Thursday July 19, 2018
Home India Why are homeo...

Why are homeopathy books not given to 2006 Mumbai blasts accused, asks Delhi High Court

0
//
190
Republish
Reprint

By NewsGram Staff Writer

Delhi High court has sought a response from Delhi government on the denial of access to homeopathy books to a prisoner locked in Mumbai Central jail.

Under the Right To Information (RTI) Act, Ehtesham Qutubuddin Siddiqui, had sent a letter to the Delhi High Court in 2012, after Central Information Commission (CIC) rejected his demand to be provided with 45 books on homeopathy published by the Central Council for Research in Homeopathy (CCRH).

The Indian Express reported that the court converted the letter to a PIL and issued a notice to the Delhi prison authorities and the Central government enquiring whether the RTI Act was available to the prisoners and whether published books could be brought under the RTI Act.

As per the report, the CCRH and the CIC stated that since the books were “priced publications,” they could not be provided under the RTI Act.

The newspaper also reported Delhi government stating as Delhi authorities did not have any jurisdiction as the prisoner was lodged at the Arthur Road Jail in Mumbai.

However, advocate Meenakshi Midha, who had been appointed as the impartial judge on the case, argued that the jail authorities and the government should have purchased the books for the prisoner, or given e-books or “soft copies” of the books to Siddiqui, in case the purchase of the hard copies of the books was too expensive.

Midha said, “They should get CCRH to provide copies, it’s a government publication.”

Click here for reuse options!
Copyright 2015 NewsGram

Next Story

The Son Of The Islamic State leader al-Baghdadi Dies: IS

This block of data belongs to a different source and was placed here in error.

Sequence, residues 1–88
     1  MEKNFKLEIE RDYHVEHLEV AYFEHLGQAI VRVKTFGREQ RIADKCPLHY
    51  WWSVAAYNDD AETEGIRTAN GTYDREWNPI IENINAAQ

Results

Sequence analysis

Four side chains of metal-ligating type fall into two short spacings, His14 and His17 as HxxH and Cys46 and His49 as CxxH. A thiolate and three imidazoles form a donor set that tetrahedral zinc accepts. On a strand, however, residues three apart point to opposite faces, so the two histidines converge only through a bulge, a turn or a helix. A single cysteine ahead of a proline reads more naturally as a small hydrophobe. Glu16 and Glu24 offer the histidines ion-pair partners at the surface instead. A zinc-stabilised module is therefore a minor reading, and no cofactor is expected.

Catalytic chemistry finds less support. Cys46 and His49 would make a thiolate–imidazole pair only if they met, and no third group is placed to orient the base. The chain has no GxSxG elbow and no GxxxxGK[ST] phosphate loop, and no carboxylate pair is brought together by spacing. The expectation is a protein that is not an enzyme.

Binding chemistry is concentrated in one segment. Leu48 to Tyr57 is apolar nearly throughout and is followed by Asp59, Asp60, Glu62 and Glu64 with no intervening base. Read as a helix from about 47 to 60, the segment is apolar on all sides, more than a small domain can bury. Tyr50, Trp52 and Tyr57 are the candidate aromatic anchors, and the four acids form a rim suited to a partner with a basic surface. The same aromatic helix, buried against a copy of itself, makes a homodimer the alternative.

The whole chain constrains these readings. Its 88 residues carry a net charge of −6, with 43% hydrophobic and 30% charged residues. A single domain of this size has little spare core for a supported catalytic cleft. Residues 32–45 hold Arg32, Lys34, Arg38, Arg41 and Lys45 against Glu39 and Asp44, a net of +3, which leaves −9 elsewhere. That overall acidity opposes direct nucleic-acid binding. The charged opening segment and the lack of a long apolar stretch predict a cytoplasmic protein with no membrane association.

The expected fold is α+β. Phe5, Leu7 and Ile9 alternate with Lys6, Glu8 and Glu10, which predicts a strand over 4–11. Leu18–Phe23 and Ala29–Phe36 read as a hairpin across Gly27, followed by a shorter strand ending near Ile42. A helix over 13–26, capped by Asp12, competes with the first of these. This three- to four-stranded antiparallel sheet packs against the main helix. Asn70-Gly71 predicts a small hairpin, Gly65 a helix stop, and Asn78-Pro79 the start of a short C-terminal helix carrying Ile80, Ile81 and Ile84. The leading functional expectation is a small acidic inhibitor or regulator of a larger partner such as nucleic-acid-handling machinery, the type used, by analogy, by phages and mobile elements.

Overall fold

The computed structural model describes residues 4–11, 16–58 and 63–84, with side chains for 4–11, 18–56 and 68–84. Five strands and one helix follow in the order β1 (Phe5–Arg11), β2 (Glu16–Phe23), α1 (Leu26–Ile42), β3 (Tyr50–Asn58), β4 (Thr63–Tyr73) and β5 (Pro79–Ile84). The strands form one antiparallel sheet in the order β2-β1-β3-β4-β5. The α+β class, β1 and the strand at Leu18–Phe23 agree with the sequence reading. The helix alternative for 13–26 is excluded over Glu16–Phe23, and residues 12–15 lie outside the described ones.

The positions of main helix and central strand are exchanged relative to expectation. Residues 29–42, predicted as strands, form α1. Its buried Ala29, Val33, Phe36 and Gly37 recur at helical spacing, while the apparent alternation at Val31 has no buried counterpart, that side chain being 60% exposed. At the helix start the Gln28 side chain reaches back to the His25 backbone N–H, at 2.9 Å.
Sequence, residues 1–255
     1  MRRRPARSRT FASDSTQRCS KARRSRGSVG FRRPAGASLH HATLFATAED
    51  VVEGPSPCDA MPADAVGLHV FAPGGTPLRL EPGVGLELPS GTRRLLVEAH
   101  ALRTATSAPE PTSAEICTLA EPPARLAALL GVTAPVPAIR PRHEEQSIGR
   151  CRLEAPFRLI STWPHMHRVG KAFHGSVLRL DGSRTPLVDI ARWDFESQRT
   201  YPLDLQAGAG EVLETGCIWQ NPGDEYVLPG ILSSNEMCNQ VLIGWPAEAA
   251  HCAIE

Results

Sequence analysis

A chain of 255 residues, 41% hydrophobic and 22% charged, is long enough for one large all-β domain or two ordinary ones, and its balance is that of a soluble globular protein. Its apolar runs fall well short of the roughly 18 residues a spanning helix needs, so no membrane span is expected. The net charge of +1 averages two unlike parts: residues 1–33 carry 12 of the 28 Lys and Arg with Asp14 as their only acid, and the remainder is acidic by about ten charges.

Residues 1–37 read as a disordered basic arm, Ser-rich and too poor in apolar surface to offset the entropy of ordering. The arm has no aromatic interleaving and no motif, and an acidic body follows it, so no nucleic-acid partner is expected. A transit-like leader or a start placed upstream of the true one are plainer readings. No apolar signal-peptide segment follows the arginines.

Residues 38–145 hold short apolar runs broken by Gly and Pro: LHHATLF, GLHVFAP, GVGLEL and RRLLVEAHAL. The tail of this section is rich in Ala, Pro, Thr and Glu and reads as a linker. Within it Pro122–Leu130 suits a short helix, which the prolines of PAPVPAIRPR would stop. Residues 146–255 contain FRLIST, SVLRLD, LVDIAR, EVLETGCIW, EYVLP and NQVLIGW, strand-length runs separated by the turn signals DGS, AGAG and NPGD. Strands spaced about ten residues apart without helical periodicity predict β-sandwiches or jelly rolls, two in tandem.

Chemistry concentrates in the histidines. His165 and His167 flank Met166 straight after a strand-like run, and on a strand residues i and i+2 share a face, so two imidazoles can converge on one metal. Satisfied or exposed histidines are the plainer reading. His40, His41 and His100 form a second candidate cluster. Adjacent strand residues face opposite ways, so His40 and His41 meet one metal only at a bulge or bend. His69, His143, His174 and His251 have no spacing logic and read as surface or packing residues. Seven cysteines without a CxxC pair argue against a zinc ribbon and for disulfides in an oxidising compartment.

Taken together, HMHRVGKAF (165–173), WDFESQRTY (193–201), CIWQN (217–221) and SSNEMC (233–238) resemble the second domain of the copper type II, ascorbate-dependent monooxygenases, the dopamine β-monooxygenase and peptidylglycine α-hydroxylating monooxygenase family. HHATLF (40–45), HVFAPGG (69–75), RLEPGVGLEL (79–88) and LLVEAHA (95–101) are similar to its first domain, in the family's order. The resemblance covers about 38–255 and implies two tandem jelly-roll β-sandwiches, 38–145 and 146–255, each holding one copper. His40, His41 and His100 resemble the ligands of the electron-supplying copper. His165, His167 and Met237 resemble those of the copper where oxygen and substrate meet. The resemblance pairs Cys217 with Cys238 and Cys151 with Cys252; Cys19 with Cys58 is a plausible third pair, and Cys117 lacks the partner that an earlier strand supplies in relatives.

Al-Baghdadi's fate is still unknown

0
This image from video posted in July purports to show Islamic State leader Abu Bakr al-Baghdadi delivering a sermon in Iraq, July 5, 2014. Islamic State media has announced the death of the leader's son.
This image from video posted in July purports to show Islamic State leader Abu Bakr al-Baghdadi delivering a sermon in Iraq, July 5, 2014. Islamic State media has announced the death of the leader's son. VOA

The son of the Islamic State leader Abu Bakr al-Baghdadi has died in a suicide attack mission in the city of Homs in western Syria, according to the IS media al-Nashir News.

Posting the photograph of a young boy, purportedly Hudhayfah al-Badri, al-Baghdadi’s son, the outlet said he lost his life in an operation against the Russian forces deployed in Homs and the Syrian government forces, referred to as Nusayriyyah by IS.

“Hudhayfah al-Badri (may Allah accept him), the son of the Caliph (may Allah safeguard him), was killed in an inghimasi [suicide] operation against the Nusayriyyah and the Russians at the thermal power station in Homs Willayah,” the news outlet reported.

Inghimasi refers to suicide operations in which a fighter, clad with explosive belt and armed with regular weapons, attacks an enemy position before detonating himself to inflict as much damage on the enemy as possible.

The U.S. military said it has seen the reports of al-Badri’s death but declined any confirmation.

“It would be inappropriate for us to comment on an attack on forces outside the Coalition. We have nothing more to provide,” U.S. Central Command told VOA.

An Iraqi national, al-Baghdadi, whose real name is Ibrahim Awad al-Badri, announced the Islamic State caliphate in the city of Mosul in June 2014 and made himself its caliph. The leader has since become the world’s most wanted man, with a $25 million bounty on his head.

Islamic Terrorism in NYC
Bicycles and debris lay on a bike path after a motorist drove onto the path near the World Trade Center memorial, striking and killing several people, Oct. 31, 2017, in New York. VOA

Al-Baghdadi’s fate is still unknown, with various reports claiming his death and injury several times, including a claim by the Russian Defense Ministry that he might have been hit by a Russian airstrike in 2017.

Those claims have been rejected by U.S. officials and the whereabouts of the elusive leader remain unknown.

Al-Baghdadi’s infamous role in IS has put a spotlight on his family. In March 2014, al-Baghdadi’s wife, Sujidah al-Dulaimi, was released, along with her two sons and daughter, in exchange for 13 nuns taken captive by al-Qaida-linked al-Nusra Front militants.

Also read: Will the Latest Message From Islamic State Leader Abu Bakr al-Baghdadi Provoke New Attacks in the West?

It was reported that only the girl was al-Baghdadi’s daughter. The two boys belonged to a man his wife had married before meeting al-Baghdadi. (IANS)